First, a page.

What a difference between the present time and those that preceded the Americans. If the Californios could all gather together to breathe a lament, it would reach Heaven as a moving sigh which would cause fear and consternation in the Universe! What misery!
During his long life, Mariano Guadalupe Vallejo had fought California Indians on behalf of Spain, commanded Californio troops for Mexico, and welcomed the Americans to the Pacific Coast. Then he had watched in dismay as the newcomers dispossessed him of his land and dismissed the role he and his ancestors had played in the history of the West.
Vallejo worried that the legacy of his people was being forgotten. His father had been one of the first settlers of San Francisco. Yet now the city's schools taught French and German, but not Spanish. Immigrants from other countries, he complained, were "fawned upon while we Californios are despised." His vast estate -- once a quarter of a million acres -- was reduced to fewer than 300. Now he was hounded by lawyers, plagued by debts. With his wife Benicia, Vallejo lived in a little cottage which he called Lachryma Montis -- Tear of the Mountain. But sometimes he visited what was left of his old adobe ranch house near Petaluma.
I compare that old relic with myself... ruins and dilapidation. What a difference between then and now. Then, youth, strength and riches; now age, weakness and poverty.
Friends petitioned Congress for a pension for the old man, but before any action could be taken, Vallejo died on January 21st, 1890.
At the time of Vallejo's death, thousands of Mexicans were crossing the border into the United States. Some were escaping political turbulence. But most came north for the same reasons that Americans went west. "My intention is to get a good job, to save some money, and start out for myself," said one, "for... one can make good money in America and there is always work."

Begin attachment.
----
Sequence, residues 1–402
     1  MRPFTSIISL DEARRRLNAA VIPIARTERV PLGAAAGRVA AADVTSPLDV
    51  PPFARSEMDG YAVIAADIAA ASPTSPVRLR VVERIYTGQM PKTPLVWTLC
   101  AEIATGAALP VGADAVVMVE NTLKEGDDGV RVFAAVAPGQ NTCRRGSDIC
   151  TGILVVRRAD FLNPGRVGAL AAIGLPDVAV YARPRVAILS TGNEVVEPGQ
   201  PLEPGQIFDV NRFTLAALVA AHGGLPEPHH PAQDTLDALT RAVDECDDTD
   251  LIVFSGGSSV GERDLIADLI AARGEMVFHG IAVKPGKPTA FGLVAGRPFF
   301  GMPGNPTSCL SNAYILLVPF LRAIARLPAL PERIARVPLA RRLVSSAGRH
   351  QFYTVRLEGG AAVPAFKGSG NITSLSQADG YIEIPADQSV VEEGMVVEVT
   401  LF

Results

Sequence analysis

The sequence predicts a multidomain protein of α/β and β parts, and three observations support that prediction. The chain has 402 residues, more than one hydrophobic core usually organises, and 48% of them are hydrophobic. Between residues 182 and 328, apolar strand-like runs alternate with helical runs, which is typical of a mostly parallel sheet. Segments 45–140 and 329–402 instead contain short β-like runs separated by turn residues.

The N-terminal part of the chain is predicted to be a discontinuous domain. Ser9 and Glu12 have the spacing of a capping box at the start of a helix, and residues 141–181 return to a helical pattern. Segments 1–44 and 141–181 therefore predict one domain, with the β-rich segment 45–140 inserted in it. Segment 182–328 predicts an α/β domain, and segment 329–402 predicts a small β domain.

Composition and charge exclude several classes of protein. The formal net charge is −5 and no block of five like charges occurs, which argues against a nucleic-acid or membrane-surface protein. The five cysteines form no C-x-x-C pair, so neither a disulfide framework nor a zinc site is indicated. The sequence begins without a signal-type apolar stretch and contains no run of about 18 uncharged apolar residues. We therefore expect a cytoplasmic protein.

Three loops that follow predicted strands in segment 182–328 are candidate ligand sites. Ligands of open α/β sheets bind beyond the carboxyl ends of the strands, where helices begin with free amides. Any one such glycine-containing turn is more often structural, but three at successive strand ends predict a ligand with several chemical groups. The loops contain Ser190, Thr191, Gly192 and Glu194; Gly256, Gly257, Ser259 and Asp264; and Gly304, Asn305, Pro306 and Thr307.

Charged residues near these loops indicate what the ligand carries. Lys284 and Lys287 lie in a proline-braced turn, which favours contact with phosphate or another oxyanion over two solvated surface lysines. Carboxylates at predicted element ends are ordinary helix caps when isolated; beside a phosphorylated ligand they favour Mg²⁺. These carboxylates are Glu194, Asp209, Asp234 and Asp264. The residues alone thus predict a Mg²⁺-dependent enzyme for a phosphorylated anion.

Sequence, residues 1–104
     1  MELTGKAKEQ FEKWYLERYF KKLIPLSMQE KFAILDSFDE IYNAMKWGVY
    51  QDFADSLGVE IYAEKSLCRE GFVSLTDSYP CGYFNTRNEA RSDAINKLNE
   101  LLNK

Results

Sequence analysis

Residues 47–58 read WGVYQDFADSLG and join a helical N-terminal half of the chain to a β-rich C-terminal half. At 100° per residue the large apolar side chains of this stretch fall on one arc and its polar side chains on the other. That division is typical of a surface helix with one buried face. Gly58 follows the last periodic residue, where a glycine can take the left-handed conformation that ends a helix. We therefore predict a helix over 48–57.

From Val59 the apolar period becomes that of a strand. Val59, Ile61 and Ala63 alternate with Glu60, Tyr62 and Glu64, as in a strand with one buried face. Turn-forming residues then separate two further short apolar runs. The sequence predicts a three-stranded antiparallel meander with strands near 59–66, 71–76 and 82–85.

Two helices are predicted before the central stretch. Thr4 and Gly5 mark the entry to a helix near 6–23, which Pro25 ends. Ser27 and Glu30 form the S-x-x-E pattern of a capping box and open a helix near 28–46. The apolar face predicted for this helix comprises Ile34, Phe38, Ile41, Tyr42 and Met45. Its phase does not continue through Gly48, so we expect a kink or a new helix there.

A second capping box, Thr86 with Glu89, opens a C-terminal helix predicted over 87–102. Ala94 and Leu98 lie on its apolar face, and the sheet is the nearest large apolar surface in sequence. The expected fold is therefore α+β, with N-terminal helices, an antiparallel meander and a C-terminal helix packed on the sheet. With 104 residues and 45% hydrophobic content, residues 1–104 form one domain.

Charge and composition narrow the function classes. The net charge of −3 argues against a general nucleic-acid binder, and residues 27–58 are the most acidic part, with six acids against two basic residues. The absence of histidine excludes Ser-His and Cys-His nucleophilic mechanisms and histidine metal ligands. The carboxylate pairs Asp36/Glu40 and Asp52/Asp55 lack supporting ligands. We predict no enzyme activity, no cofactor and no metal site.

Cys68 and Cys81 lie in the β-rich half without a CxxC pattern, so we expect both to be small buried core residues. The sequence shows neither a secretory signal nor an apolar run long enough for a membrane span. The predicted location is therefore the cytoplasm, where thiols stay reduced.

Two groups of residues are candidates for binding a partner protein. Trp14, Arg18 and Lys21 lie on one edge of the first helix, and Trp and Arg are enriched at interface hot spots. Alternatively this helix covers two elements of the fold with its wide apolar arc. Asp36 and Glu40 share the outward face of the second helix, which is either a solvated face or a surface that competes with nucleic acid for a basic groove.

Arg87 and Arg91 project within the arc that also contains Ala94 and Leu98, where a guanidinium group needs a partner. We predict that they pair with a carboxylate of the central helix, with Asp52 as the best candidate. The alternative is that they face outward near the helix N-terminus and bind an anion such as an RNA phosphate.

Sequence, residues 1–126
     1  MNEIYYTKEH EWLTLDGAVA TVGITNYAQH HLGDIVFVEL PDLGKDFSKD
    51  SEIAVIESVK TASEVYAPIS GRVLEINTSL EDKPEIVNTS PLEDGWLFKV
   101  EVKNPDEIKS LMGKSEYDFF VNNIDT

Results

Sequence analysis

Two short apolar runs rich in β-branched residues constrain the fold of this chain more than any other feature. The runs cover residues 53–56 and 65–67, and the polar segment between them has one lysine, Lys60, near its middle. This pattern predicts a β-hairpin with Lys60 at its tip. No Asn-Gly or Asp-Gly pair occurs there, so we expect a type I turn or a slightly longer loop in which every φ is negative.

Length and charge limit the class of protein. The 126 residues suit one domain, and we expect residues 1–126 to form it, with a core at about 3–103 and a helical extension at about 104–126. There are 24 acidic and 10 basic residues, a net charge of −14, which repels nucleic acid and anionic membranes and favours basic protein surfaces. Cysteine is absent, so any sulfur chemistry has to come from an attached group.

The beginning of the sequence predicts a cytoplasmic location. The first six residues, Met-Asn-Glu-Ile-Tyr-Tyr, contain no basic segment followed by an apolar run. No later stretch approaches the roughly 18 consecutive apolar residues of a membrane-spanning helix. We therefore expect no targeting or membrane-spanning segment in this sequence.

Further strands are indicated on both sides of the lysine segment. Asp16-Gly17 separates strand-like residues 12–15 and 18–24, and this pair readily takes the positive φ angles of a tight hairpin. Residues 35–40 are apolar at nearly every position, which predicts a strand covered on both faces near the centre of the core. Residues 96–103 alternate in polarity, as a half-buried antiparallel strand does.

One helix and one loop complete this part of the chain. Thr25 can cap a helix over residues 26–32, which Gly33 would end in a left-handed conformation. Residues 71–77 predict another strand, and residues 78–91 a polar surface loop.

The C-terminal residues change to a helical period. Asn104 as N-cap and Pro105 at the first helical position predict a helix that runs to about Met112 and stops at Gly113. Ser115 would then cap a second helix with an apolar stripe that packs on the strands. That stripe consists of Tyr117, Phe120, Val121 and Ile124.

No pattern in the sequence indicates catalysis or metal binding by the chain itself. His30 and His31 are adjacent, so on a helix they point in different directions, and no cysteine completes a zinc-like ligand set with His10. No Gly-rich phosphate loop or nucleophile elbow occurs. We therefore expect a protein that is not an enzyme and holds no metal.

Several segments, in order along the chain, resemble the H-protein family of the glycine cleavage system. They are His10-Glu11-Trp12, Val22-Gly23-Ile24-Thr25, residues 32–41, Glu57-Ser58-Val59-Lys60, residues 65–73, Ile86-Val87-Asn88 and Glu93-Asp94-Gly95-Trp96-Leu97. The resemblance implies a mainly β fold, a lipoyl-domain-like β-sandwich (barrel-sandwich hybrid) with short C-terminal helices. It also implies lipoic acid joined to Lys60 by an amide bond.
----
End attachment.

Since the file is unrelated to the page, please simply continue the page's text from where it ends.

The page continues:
"To me, the fact that the Mexican came North in search of a better life is a tremendous epic that hasn't been written. It's an odyssey that we know nothing about. And they came with a dream for a better life. The reality is very different. They left behind a culture in which they felt safe and they had to recreate that here."
They found jobs in the mines, on the railroads, in the vast new agricultural fields of the Southwest. Descendents of the oldest European culture in the West, they were now often greeted as unwelcome newcomers. Still, over the next 30 years, one and a half million men, women and children -- ten per cent of the population of Mexico -- would come north, following many of the same routes once taken by the conquistadors.
"My grandparents hometown is Guerrero. When it was founded, it was the original Texas. My grandmother was born there, and her family was born there, and they go back to the original settlers of that town, back in the 1750s.
Because of a decision to dam the river and build the Falcon Dam reservoir, the town was flooded. When the Falcon waters recede, the people come to the plaza and they dance on the plaza. They play their music at midnight there. They walk around the church and touch it. They clean up the yard of the church and the old cemeteries. They walk over to Flores' grocery store, they walk over to the hotel that was once there. They walk around the residences.
It is really a moment when the whole community comes together and takes pride in it, and they take care of it as if it was still a live and thriving town. I think as long as Guerrero lives, our history lives, our community lives. It speaks for the fact that, no matter all the tragedies and wars and everything that's happened to us, we're still there."
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